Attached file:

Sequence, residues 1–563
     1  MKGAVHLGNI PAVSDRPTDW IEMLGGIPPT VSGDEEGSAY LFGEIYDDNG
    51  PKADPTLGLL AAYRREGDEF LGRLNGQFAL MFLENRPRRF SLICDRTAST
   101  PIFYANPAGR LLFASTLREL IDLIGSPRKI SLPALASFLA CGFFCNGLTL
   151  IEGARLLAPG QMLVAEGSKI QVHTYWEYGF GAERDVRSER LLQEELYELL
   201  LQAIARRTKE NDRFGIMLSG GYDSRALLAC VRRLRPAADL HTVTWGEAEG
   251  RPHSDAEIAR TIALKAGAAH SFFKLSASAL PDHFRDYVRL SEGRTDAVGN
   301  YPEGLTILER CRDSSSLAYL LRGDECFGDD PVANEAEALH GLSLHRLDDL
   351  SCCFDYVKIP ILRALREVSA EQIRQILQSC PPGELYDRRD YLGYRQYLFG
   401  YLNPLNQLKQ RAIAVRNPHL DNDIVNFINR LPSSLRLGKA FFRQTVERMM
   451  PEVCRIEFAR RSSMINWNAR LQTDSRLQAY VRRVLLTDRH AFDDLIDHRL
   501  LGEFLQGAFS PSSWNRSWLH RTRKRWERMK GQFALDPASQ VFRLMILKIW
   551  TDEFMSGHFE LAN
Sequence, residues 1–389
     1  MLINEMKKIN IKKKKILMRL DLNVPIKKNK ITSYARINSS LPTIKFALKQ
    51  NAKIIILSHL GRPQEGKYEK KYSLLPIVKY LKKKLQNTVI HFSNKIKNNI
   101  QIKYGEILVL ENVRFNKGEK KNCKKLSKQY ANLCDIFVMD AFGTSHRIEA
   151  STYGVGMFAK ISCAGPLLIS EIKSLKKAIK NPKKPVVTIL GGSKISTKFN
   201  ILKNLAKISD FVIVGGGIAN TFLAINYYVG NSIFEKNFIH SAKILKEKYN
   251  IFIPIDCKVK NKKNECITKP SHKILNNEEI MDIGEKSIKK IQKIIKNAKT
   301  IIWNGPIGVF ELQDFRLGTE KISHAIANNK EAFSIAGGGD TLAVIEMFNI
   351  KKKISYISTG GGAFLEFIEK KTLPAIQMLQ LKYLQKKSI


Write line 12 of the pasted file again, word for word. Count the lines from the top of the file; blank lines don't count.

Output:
   501  LGEFLQGAFS PSSWNRSWLH RTRKRWERMK GQFALDPASQ VFRLMILKIW